Online gaming has existed for years now, for many people reading this article you know all too well the allure of “just one more game” and the highs and lows experienced in said game. For me this is a new experience, one that only took shape in my life when Rocket League released on the PlayStation 4 last year. Before Rocket League I strictly played single player games, even went so far as picking up the latest Call of Duty title and only playing through the terrible, tacked-on campaign. Everything changed the first time I scored a goal against another real human gamer. The idea that somewhere in the world there was someone like me sitting in front of a screen and cursing me fascinated me and it’s in that moment that the addiction took hold. Like any addiction it started by providing nothing but fun, unbridled enjoyment. It was perhaps a few weeks and countless hours before I experienced my first ‘troll’ and despite being quite a calm, level headed person in real life I lost it. This person, playing the same game as me, somewhere else on this earth was dominating me and they were pushing all my buttons. I wish I could say that I took a deep breath and just brushed it off, remaining the bigger person and getting back to playing the game I love … but that wasn’t the case. I went right down to their level and replied to the chat. Hurling retorts to his insults and letting my car idle in the middle of the arena while I desperately typed on the keyboard witty comebacks. Some minutes passed, more comments back and forth and finally I caved. For the first time in my life I ‘rage quit’ a video game. This was a while ago now and I’ve become a more seasoned online player, with a better understanding of what trolls do and how to properly get even. After so much time playing Rocket League and more recently Call of Duty: Black Ops III online I’ve learnt to love the not-so lovable people that are the backbone of the online community. Now I laugh when I get messages from random players, or they type something during a game.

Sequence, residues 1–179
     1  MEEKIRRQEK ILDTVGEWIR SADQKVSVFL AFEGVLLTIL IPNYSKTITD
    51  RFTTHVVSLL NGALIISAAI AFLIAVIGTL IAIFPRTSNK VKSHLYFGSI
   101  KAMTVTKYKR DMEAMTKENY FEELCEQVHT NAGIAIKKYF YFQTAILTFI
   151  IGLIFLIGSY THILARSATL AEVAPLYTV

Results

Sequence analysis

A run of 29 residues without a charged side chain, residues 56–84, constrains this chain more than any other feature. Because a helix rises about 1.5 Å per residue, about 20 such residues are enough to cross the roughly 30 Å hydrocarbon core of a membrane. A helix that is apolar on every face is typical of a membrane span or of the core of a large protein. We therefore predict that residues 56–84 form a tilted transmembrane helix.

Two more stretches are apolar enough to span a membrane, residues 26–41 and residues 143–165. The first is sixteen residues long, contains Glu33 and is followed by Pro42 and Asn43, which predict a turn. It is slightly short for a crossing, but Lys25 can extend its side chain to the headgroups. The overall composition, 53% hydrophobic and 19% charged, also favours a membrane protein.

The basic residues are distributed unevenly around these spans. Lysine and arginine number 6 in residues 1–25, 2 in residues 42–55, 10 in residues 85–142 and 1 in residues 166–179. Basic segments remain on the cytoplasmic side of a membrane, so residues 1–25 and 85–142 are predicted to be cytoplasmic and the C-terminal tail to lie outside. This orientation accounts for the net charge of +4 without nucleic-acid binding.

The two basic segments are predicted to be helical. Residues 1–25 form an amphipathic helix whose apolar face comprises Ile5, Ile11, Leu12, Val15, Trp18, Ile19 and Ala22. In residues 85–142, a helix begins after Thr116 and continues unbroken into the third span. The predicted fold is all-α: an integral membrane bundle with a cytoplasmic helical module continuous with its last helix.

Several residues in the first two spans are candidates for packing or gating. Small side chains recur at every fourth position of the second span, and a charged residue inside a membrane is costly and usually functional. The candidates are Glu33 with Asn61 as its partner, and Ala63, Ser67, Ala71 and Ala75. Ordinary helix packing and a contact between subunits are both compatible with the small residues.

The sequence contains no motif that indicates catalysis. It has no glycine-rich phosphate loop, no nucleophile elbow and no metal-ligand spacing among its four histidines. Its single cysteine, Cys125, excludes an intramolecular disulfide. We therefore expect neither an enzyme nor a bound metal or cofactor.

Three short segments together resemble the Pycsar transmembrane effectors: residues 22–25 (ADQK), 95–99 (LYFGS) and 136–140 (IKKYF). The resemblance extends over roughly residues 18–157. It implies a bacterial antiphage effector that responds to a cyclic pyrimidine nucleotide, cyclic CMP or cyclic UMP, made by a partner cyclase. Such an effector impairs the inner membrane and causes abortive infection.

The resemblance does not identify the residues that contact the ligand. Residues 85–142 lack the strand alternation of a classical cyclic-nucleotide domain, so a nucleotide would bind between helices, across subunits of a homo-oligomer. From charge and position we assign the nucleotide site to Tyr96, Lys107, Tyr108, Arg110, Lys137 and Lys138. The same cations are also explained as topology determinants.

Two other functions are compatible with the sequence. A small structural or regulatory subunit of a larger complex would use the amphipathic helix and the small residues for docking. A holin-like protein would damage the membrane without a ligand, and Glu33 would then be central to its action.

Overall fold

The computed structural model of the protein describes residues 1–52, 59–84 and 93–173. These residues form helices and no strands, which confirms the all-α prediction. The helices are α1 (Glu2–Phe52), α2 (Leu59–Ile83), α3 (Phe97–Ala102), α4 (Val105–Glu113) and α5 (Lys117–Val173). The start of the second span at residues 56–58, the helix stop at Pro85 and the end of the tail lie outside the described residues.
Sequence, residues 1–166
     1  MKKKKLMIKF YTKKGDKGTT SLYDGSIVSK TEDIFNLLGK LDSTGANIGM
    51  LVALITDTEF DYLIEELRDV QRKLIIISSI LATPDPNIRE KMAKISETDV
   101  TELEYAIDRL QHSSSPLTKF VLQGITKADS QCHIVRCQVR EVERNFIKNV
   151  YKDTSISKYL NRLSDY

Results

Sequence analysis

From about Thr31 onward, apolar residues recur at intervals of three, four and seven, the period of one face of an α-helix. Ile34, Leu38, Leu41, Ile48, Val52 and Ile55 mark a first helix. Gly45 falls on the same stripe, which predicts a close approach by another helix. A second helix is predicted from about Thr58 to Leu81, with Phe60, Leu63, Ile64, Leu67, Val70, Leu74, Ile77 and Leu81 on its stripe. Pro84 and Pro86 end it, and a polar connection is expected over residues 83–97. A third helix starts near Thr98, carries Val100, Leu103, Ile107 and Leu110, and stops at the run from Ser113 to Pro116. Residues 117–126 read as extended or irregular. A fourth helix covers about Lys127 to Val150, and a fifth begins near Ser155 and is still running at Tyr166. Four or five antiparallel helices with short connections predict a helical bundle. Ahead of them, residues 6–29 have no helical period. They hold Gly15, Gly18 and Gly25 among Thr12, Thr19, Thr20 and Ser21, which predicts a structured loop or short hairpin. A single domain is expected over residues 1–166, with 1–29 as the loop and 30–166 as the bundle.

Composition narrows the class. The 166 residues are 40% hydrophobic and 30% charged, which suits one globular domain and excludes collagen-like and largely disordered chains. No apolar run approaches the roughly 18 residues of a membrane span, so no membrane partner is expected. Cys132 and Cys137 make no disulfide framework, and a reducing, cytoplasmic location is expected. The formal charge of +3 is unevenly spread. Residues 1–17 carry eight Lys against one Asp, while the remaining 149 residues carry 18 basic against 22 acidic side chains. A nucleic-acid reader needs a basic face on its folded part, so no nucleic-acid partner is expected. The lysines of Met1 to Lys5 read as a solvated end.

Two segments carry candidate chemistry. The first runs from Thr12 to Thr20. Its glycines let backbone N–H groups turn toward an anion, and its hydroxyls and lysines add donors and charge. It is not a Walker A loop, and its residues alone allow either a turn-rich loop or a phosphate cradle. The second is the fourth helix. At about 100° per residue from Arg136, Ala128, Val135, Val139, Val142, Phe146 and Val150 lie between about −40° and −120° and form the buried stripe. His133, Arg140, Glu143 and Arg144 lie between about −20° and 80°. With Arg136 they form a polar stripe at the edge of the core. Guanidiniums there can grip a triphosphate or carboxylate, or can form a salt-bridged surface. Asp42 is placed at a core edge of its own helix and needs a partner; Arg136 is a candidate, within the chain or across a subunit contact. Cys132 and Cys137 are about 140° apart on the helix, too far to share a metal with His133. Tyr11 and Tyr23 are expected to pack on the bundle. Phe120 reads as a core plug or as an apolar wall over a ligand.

The only downside to playing these games is that I find myself prioritising them over literally every other game coming out. I still find myself sinking countless hours into both despite having 2015’s game of the year – The Witcher 3 – sitting on my shelf. Unplayed and collecting dust, like a sad forgotten, childhood toy. This to me is probably the funniest thing about playing multiplayer games online, I genuinely enjoy almost every minute I spend but at the end of every session I feel that tiny feeling of regret that I didn’t invest my time into something new, or that I didn’t finish that game I’m so close to finishing. What is it about playing online games which is so addictive? For me I think it’s that games are generally quick, if I only have half an hour or so to play, COD or Rocket League fits the bill perfectly. It’s also the social aspect, finally I get why people own headsets with microphones! I love getting an invitation from one of my buddies to join a match and party chat. Now I find myself wondering how I could possibly go back to playing single player games again! It’s all me, just playing by my lonesome and not having anyone there to share the experience with me. Like most addicts, not capable of stopping at just the one hit I’ve found myself in a place where I feel like I need to get rid of the source of my addiction completely. If I have any hope of getting through my massive collection of unplayed games, not to mention the numerous upcoming titles perhaps I need the Call of duty and Rocket League drugs out of the house? On the other hand, if I’m enjoying these games so much do I really need to get rid of them? Like surely I can handle this situation, only play the games when between game releases or when I have only a finite amount of time … only time will tell I guess.